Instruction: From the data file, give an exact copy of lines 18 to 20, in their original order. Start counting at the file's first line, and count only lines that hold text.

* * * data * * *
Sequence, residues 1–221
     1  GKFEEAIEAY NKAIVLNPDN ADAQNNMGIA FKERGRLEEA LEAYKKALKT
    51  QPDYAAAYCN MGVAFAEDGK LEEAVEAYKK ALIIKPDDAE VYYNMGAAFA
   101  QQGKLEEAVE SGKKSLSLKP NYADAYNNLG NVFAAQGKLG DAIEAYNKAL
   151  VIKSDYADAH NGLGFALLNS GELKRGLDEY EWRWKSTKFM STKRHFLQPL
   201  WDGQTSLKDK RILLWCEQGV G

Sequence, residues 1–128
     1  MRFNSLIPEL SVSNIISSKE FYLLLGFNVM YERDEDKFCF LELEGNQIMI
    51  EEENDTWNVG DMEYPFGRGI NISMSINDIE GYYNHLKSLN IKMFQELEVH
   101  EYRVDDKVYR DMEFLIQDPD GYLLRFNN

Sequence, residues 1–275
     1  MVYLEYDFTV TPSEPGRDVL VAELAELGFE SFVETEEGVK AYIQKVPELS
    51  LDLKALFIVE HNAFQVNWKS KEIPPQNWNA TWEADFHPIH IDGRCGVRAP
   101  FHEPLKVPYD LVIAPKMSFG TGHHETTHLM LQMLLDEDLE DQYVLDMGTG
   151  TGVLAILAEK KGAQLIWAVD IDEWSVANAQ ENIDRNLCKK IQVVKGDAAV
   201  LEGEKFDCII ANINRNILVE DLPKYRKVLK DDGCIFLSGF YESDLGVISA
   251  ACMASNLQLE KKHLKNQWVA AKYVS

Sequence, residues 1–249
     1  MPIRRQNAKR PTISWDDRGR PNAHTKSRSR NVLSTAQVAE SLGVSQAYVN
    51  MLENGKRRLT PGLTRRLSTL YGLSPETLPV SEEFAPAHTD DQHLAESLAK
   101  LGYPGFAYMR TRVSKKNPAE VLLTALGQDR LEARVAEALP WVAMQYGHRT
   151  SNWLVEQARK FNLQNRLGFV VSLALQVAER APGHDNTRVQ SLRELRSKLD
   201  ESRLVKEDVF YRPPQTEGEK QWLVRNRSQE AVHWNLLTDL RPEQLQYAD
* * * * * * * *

Sequence, residues 1–249
     1  MPIRRQNAKR PTISWDDRGR PNAHTKSRSR NVLSTAQVAE SLGVSQAYVN
    51  MLENGKRRLT PGLTRRLSTL YGLSPETLPV SEEFAPAHTD DQHLAESLAK